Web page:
What’s the Difference Between FELA and Workers’ Compensation?

February 6, 2018

When an employee is hurt at work, most people immediately assume that they will file for workers’ compensation benefits. But for railroaders, this is not true. The Federal Employees Liability Act (FELA) provides special protection to railroad employees. RR

 What’s FELA?

Under FELA, railroads are liable for injuries to employees that arise from the negligence of the railroad. However, in order for the injured employee to recover damages for lost earnings, medical expenses, and pain and suffering, negligence must be proven.

Almost any injury sustained by a railroad employee will be protected under FELA as long as the injury is suffered on the job, including those of workers whose main duties are not completed in or around trains. FELA claims can be made directly to the railroad company and may also be initiated by filing a lawsuit in federal or state court.

If the employee’s injury was not due to the employer’s negligence, they will not be eligible to recover damages under FELA, although in the rare situation that the railroad worker does not fall under FELA, they might be able to obtain workers compensation benefits.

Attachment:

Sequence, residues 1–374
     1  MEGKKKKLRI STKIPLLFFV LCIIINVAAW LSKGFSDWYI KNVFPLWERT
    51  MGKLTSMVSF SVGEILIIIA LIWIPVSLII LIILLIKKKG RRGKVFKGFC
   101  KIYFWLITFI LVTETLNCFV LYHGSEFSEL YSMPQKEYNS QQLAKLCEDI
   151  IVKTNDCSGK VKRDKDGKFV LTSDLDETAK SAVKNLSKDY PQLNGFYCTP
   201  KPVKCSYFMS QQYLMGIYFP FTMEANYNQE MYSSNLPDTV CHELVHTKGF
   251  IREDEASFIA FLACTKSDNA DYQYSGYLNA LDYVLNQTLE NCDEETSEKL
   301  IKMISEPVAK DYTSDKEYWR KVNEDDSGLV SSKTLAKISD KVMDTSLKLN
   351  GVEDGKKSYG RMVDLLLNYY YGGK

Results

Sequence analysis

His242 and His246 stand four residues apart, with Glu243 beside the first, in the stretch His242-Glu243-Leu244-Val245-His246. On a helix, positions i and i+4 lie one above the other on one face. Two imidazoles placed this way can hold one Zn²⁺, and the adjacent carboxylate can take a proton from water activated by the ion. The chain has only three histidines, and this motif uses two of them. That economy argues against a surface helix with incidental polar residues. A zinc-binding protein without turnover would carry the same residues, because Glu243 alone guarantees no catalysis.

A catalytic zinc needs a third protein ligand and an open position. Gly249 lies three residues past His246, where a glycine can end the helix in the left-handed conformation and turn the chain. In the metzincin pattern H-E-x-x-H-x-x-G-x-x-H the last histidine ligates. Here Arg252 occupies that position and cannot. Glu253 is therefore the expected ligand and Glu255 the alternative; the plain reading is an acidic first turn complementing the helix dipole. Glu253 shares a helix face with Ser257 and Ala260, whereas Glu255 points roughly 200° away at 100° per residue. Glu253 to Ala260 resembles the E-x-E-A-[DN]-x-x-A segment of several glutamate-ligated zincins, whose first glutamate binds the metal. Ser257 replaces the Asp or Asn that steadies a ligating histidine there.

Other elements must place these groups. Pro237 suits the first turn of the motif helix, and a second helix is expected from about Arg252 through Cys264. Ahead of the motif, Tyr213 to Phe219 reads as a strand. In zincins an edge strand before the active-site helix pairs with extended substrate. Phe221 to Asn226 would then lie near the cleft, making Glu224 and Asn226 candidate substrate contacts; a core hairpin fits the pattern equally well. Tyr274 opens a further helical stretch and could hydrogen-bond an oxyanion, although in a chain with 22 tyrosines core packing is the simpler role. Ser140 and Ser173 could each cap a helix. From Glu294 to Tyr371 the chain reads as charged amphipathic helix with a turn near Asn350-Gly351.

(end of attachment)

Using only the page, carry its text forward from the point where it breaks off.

What About Workers’ Compensation?

The workers’ compensation system was designed to provide benefits to injured employees, but certain types of workers are not covered: 

  • Business owners
  • Volunteers
  • Independent contractors
  • Longshoremen
  • Railroad employees

Workers’ compensation allows injured workers to collect damages without proving that the employer was negligent, but the program might limit the amount that employees can recover for their injuries. Although FELA puts virtually no financial caps on damage awards, the law alone does not hold railroads responsible for injuries to workers. Employer negligence must be proven in either state or federal court.

Repetitive Stress Injuries

In 1984 the Ohio Supreme Court ruled that injuries developing over time are compensable through the state’s workers’ compensation plan, although some people question such claims since no distinct accident or event exists that the injury can be tied directly to. Repetitive stress injuries are compensable under FELA, but railroad workers are required to prove that the railroad was negligent in causing the workplace condition that led to the injury.

If you are an injured railroad worker and need help obtaining compensation for your injuries under FELA, contact Murray & Murray online or call 419-624-3000 to schedule your free consultation.

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